Midnight of Friday, October 7, 2016, security agents, obviously acting on the authority of their Commander-in-Chief, President Muhammadu Buhari, invaded the official residence, in Abuja, of then second most senior judicial officer in the land, Walter Nkanu Onnoghen.
Days before, he had been nominated by the Federal Judicial Service Commission (FJSC) to succeed the outgoing Chief Justice of Nigeria, Justice Mahmud Mohammed who was exiting the Bench on November 10, 2016. Seated at the proceedings where the nomination was carried through was Buhari’s Attorney General and Minister of Justice, Abubakar Malami, a decorated Silk, as a prominent a member of the Commission.
The nomination, as per the constitution, must go through the recommendation of the National Judicial Council (NJC), before the President as the appointing authority would make a Yes/No decision, and an agreement with the recommendation would mean a request to the Nigerian Senate for screening.
The recommendation procedure was then set for Tuesday October 11, 2016, by the NJC, headed by the CJN, just as, the FJSC.
Then, agents of the state, struck deep Friday night, stretching into the wee-hours of Saturday, October 8, 2016, raiding judges’ homes, and taking two justices of the Supreme Court, Inyang Okoro and Sylvester Ngwuta, (who eventually died on March 7, 2021), into custody. In the course of the raid, Onnoghen’s home was invaded. He was to be taken into custody on allegations of corrupt practices. In the course of the rampage, calls came to the invaders, who had to leave without him, due to unfavourable political and security climate.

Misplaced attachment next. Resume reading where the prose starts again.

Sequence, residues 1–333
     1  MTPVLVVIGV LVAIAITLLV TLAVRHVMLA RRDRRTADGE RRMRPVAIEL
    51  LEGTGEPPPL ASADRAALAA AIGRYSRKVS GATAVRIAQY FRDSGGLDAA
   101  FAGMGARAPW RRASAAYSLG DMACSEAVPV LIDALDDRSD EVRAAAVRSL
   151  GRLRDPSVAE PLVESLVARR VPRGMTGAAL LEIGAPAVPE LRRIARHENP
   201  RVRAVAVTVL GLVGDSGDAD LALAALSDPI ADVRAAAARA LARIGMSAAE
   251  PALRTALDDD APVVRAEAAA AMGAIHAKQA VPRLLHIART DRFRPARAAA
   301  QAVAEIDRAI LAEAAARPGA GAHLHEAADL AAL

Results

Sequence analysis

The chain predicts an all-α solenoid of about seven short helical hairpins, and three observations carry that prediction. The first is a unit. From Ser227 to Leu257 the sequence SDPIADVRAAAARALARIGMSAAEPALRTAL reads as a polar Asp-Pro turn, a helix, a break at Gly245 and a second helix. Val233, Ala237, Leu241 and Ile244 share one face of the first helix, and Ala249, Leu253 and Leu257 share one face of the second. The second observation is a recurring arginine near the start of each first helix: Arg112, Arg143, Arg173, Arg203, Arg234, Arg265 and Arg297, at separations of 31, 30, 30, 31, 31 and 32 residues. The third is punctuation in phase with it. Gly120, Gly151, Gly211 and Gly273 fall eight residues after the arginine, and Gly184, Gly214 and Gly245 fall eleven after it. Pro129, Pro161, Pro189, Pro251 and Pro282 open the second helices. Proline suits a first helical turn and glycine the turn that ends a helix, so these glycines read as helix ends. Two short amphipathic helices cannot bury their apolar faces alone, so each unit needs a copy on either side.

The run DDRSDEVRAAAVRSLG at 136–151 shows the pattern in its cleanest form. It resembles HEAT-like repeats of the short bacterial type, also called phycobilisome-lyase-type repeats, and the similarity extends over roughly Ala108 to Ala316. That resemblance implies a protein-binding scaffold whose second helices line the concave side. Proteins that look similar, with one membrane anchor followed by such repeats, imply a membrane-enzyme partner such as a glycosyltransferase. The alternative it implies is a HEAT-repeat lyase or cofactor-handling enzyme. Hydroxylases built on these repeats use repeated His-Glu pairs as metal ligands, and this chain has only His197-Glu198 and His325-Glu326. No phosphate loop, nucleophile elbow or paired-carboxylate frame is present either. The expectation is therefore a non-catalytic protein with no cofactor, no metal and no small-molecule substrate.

The official excuse: wrong residence identification. His house, a stand-alone, for the number two judicial officer in the land and vice chairman of NJC, was reportedly mistaken for that of a junior at the apex court, who was wanted for some unstated crime. His peace was already violated.
The invaders left, but left behind a surveillance vehicle. All through the weekend of October 8, 2016, movements in and out of Onnoghen’s official residence were monitored bumper-to-bumper by agents of the state.